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U.S-Pak Relations: the United States has a clear engagement policy but what about Pakistan?

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The upcoming visit of the U.S Secretary of State Mike Pompeo is believed to be crucial for the future of U.S-Pak relations especially after the “Call fiasco” and the decision of the U.S administration to stop $300 million security assistance to Pakistan. A senior Pentagon official Assistant Secretary of Defence for Asian and Pacific Security Affairs Randall G. Schriver, while talking at the Carnegie Endowment for International Peace, made some blunt assertions about the U.S policy for Pakistan which is important to interpret the future.

“There is no question we need Pakistan’s help in encouraging, persuading, pressuring Taliban to come to the negotiating table, deal with the national unity government under President Ghani and talk about a future where they are included, not through force, but through a political process,” he said. The relations between both Pakistan and the United States of America, historic yet sporadically friendly over the course of history, have long been inevitable.

The new PTI government brought an unnecessary controversy, which later the foreign office had to yield to the State department’s version, right before Mike Pompeo’s visit. It remains a fact that Pakistan needs to develop a foreign policy around its own national interest but unnecessary aggression could be disastrous instead of proving helpful.

The United States has always found one way or another to exploit the geostrategic location of Pakistan and conversely, Pakistan has negotiated for a strong defense and economic needs in exchange. There have been a no. of times in the past where national interests of both these nations collided but somehow, with the reluctance, of course, compromises were always made. The strategy of simultaneous use of force and back-channel diplomacy with Taliban is nothing new at all.

It has been the strategy since 2012 when it was revealed that the United States is involved in clandestine negotiations with the militant group. But the approach has not yet been able to bear fruits for the peace process. Secondly, it is evident that the path toward peaceful Afghanistan has to go through Pakistan, as acknowledged by Mr. Schriver himself but the United States is not willing to address Pakistan’s concerns about the matter which are certainly one of the major cause of the trust vacuum which exists.

Read more: How should Pakistan respond to Trump’s Afghan policy?

India’s involvement in Afghanistan is not doing much to help solve the issue but it is the major reason for chaos inside Pakistan. These concerns have repeatedly been expressed to U.S officials but their focus only remained to one-sided goal achievement. Most of his talk focused on traditional U.S approach force but a part of his speech highlighted an aspect of U.S-Pak relations which becomes dormant because of Afghanistan. Responding to a question about the Pakistani economy, Mr. Schriver said: “I don’t have a good answer on the economic difficulties and challenges that Pakistan finds itself in.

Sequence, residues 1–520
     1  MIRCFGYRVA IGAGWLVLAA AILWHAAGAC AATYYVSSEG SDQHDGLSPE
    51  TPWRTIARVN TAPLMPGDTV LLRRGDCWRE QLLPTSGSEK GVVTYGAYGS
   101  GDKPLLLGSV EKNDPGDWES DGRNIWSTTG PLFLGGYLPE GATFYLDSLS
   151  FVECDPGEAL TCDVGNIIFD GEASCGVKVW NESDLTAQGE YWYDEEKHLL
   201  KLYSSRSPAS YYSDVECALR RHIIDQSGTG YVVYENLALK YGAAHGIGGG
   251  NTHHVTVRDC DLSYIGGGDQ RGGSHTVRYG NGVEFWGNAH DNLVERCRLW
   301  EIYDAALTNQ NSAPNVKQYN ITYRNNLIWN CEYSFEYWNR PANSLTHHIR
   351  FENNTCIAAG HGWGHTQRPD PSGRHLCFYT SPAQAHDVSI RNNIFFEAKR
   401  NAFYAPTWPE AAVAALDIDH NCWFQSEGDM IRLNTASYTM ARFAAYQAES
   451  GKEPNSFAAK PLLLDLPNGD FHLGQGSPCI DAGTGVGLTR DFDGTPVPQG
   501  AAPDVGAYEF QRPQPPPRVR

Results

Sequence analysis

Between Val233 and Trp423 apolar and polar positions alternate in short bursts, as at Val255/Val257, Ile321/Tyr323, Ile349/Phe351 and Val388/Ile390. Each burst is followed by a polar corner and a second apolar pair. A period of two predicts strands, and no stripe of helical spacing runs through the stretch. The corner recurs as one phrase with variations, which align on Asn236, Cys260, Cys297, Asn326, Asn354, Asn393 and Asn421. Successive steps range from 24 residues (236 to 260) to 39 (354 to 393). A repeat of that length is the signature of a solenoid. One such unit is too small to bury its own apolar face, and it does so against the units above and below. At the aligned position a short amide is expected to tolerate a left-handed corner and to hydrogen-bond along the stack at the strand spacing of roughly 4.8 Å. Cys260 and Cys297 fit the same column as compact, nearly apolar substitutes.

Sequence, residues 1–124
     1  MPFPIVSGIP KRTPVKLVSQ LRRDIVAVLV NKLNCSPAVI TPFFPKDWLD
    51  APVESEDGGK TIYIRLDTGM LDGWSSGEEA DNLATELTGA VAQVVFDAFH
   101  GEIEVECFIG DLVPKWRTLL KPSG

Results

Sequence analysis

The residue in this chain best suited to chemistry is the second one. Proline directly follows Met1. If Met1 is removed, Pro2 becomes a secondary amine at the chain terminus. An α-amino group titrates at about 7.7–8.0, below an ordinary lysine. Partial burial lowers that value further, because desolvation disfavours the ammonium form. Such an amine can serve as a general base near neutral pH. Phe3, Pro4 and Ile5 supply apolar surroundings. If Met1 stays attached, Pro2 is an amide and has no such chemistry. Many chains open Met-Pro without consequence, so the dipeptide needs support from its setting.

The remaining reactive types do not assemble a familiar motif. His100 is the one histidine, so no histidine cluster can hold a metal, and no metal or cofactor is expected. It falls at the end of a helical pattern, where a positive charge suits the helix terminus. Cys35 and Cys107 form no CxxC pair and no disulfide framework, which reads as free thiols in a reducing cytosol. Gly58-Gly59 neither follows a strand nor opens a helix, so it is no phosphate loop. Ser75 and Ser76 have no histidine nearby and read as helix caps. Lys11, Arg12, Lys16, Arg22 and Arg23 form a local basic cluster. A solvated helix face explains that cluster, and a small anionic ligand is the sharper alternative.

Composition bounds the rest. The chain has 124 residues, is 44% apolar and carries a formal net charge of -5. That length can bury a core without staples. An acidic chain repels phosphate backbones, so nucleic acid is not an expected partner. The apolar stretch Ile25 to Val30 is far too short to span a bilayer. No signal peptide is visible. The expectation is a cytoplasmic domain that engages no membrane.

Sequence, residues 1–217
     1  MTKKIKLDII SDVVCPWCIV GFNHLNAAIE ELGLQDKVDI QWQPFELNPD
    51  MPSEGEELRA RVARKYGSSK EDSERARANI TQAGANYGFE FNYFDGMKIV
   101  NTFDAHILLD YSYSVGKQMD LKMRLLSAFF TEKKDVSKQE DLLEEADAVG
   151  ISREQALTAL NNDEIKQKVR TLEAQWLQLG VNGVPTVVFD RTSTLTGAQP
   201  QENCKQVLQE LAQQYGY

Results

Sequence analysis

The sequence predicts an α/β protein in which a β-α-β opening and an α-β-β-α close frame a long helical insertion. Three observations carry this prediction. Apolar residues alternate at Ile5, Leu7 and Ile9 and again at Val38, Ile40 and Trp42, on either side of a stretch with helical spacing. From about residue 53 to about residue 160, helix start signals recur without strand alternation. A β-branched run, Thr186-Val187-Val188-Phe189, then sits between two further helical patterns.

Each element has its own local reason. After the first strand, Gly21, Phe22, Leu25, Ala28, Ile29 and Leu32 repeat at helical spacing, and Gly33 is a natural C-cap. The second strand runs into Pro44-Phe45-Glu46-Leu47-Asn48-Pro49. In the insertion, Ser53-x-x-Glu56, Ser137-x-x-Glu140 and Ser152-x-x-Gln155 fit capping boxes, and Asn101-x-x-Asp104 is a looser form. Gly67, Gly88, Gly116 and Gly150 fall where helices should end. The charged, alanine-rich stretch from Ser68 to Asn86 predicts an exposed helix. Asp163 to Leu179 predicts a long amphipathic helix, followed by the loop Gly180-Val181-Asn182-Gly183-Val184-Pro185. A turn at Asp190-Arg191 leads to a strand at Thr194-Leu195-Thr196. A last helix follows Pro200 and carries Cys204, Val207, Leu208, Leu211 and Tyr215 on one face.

What I can say is, if you look at other examples where countries went all-in or largely-in with China, the results have not been particularly good. There has been an erosion of sovereignty and an erosion of control. There are many examples of that.” The United States is increasingly concerned over the Pak-China economic cooperation which it perceives in the strategic context. Though the prospects the partnership, if kept transparent and corruption free, are great for both China and Pakistan, United States believes that in the long run, China aims to use Pakistan for its strategic purposes.

Read more: U.S Secretary of State Mike Pompeo’s visit to Pakistan in the…

While it remains true that after the investment of such magnitude China is more than ever vigilant about internal and external security of Pakistan but stretching to an extent that it will use Pakistan’s mainland to achieve a strategic goal might be an exaggeration. For better or worse, the United States is quite clear about the rules of engagement with Pakistan but unfortunately, the policy from the other side has always been reactive.

The new PTI government brought an unnecessary controversy, which later the foreign office had to yield to the State department’s version, right before Mike Pompeo’s visit. It remains a fact that Pakistan needs to develop a foreign policy around its own national interest but unnecessary aggression could be disastrous instead of proving helpful. There needs to be a proactive approach regarding the relations with the United States of America to clearly defined objectives which both sides need to achieve or else the relations are not going to get any better.


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